The Boarding Pass player rewards program allows customers to redeem points earned from their gaming activity at all of the Company's Las Vegas area properties for cash and complimentary slot play, food, beverage, rooms, entertainment and merchandise.

The Company records a liability for the estimated value of outstanding points under the Program that management believes will ultimately be redeemed. At December 31, 2012 and 2011, $12.1 million and $9.0 million, respectively, were accrued for the anticipated Program point redemption value, which are included in accrued expenses and other current liabilities on the Company's Consolidated Balance Sheets. The estimated value of points expected to be redeemed for cash and complimentary slot play under the Program reduces gross casino revenues. The estimated cost of the outstanding points under the Program is calculated based on the total number of points earned, converted to a redemption value times the average cost. The redemption value is estimated based on the average number of points needed to redeem for rewards. The average cost is the incremental direct departmental cost for which the points are anticipated to be redeemed. When calculating the average cost the Company uses historical point redemption patterns to determine the redemption distribution between gaming, food, beverage, rooms, entertainment, merchandise and cash.

The Company does not accrue base jackpots if payment of the jackpot can be avoided. A jackpot liability is accrued with a related reduction in casino revenue when the Company is legally obligated to pay the jackpot, such as the incremental amount in excess of the base jackpot on a progressive game.

Share-Based Compensation

Share-based compensation is accounted for in accordance with ASC Topic 718, Compensation-Stock Compensation, which requires share-based compensation expense to be measured at the grant date based on the fair value of the award and recognized over the requisite service period. The Company uses the straight-line method to recognize compensation expense for share-based awards with graded vesting. See Note 15 for additional information about share-based compensation.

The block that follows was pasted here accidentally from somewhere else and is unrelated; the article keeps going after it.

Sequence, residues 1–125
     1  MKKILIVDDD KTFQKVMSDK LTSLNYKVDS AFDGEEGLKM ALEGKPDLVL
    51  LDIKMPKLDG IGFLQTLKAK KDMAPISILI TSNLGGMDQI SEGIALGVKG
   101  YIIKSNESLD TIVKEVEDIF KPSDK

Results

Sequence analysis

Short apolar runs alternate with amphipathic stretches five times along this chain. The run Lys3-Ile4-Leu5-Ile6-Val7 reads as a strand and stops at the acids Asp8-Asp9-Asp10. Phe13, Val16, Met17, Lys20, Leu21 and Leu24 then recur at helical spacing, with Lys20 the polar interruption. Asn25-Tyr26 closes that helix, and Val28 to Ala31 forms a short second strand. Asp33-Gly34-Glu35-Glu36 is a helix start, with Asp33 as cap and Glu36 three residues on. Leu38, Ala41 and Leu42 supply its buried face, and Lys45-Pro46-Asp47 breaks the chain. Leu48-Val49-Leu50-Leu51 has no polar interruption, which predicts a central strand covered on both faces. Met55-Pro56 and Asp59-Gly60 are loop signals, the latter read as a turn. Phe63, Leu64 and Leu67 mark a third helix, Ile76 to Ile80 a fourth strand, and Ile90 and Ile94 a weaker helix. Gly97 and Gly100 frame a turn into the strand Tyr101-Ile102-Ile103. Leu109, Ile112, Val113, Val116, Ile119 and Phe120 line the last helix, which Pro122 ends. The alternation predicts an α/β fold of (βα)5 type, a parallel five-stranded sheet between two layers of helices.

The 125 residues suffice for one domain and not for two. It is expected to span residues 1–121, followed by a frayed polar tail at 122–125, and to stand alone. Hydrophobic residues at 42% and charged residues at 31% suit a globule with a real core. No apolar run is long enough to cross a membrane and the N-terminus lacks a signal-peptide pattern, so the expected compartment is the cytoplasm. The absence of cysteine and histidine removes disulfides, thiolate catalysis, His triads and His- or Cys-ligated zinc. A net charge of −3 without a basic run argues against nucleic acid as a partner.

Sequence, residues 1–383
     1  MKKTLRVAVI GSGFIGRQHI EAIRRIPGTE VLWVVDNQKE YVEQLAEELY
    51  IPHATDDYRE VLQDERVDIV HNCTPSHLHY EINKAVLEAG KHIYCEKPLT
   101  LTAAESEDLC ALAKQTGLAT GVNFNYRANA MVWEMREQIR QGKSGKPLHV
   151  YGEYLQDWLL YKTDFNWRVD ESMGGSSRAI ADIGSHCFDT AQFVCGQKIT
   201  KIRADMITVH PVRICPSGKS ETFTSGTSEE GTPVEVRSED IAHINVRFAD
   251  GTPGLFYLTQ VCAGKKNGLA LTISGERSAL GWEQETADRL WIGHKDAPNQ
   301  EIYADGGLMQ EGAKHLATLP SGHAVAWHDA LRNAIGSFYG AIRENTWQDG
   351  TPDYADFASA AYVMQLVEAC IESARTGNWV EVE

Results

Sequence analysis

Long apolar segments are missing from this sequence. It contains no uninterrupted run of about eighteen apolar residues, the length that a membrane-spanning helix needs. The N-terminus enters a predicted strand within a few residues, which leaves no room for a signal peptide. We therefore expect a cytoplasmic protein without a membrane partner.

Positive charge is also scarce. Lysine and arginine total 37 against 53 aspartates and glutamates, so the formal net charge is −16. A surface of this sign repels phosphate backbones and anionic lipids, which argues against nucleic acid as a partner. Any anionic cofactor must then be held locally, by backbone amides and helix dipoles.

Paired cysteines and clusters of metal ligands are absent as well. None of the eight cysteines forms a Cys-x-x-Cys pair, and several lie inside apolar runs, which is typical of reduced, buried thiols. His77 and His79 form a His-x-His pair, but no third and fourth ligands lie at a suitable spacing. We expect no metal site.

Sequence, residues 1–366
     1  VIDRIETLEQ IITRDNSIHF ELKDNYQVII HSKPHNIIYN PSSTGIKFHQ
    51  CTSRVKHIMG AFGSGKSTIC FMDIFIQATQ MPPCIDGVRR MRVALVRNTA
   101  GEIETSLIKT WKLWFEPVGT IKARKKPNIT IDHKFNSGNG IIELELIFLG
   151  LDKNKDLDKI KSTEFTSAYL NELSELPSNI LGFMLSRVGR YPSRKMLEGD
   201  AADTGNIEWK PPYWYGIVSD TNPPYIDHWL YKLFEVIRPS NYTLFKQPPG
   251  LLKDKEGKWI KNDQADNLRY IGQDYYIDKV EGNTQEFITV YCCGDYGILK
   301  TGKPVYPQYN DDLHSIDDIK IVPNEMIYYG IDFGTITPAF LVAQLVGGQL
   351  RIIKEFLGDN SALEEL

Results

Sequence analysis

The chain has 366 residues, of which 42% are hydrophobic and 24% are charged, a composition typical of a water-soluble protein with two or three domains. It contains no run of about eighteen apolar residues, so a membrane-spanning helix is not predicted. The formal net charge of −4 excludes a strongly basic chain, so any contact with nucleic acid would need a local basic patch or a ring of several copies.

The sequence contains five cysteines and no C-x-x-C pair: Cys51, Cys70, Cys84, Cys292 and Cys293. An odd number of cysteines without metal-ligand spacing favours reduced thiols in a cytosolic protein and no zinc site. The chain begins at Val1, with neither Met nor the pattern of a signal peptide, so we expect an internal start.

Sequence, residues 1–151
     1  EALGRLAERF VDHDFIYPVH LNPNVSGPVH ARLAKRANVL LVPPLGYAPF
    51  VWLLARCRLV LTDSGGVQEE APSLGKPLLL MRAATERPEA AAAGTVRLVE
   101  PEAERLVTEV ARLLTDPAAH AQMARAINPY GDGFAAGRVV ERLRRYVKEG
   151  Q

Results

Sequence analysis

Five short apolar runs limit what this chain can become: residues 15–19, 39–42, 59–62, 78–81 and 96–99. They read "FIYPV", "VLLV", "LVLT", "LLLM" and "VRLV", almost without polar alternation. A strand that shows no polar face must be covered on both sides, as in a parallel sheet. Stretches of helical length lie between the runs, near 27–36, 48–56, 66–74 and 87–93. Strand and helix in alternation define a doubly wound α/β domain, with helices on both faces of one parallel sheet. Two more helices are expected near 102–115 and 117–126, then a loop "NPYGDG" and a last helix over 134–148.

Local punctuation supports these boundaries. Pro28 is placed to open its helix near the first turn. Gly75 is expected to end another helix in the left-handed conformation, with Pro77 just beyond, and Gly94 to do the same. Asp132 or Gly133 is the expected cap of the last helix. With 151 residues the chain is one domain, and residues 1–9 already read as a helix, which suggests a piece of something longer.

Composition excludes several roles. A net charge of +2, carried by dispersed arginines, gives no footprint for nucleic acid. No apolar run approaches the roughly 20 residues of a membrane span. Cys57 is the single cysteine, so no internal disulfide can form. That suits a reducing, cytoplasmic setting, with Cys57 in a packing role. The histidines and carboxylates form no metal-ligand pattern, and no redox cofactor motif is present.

NOTES TO CONSOLIDATED FINANCIAL STATEMENTS (Continued)

Comprehensive income includes net income (loss) and all other non-member changes in equity, or other comprehensive income. Components of the Company's comprehensive income are reported in the accompanying Consolidated Statements of Comprehensive Income (Loss) and Consolidated Statements of Members' Equity, and accumulated other comprehensive income (loss) is included in Members' Equity in the accompanying Consolidated Balance Sheets. Components of the Company's other comprehensive income (loss) include unrealized losses on interest rate swaps and unrealized gain (loss) on available-for-sale securities.

The accounting guidance for disclosures about segments of an enterprise and related information requires separate financial information to be disclosed for all operating segments of a business. The Company believes it meets the "economic similarity" criteria established by the accounting guidance and as a result, aggregates all of its properties into one operating segment. All of the Company's properties offer the same products, cater to the same customer base, are located in the greater Las Vegas, Nevada area, have the same regulatory and tax structure, share the same marketing techniques and all are directed by a centralized management structure.

The Company is a limited liability company treated as a partnership for income tax purposes and as such, is a pass-through entity and is not liable for income tax in the jurisdictions in which it operates. As a result, no provision for income taxes has been made in Successor's consolidated financial statements.

The Company is assessed taxes based on gross gaming revenue, subject to applicable jurisdictional adjustments. Gaming taxes are included in casino expense in the accompanying Consolidated Statements of Operations.

Gaming tax expense was as follows (amounts in thousands):

Green Valley Ranch Gaming, LLC

Green Valley Ranch Gaming, LLC

Period From January 1, 2011

Year Ended December 31, 2010

Recently Issued Accounting Standards

In July 2012, the Financial Accounting Standards Board (the "FASB") issued Accounting Standards Update 2012-02, Intangibles—Goodwill and Other (Topic 350): Testing Indefinite-Lived Intangible Assets for Impairment, ("ASU 2012-02"). ASU 2012-02 amends the guidance in Accounting Standards Codification 350-302 on testing indefinite-lived intangible assets, other than goodwill, for impairment by allowing an entity to perform a qualitative impairment assessment before proceeding to the two-step impairment test. If the entity determines, on the basis of qualitative factors, that the fair value of the indefinite-lived intangible asset is not more likely than not (i.e., a likelihood of more than 50 percent) impaired, the entity would not need to calculate the fair value of the asset. In addition, ASU 2012-02 does not amend the requirement to test these assets for impairment between annual tests if there is a change in events or circumstances; however, it does revise the examples of events and circumstances that an entity should consider in interim periods. ASU 2012-02 is effective for annual and interim impairment tests performed for fiscal years beginning after September 15, 2012, with early adoption being permitted. The adoption of this standard will not have a material effect on the Company's financial position or results of operations.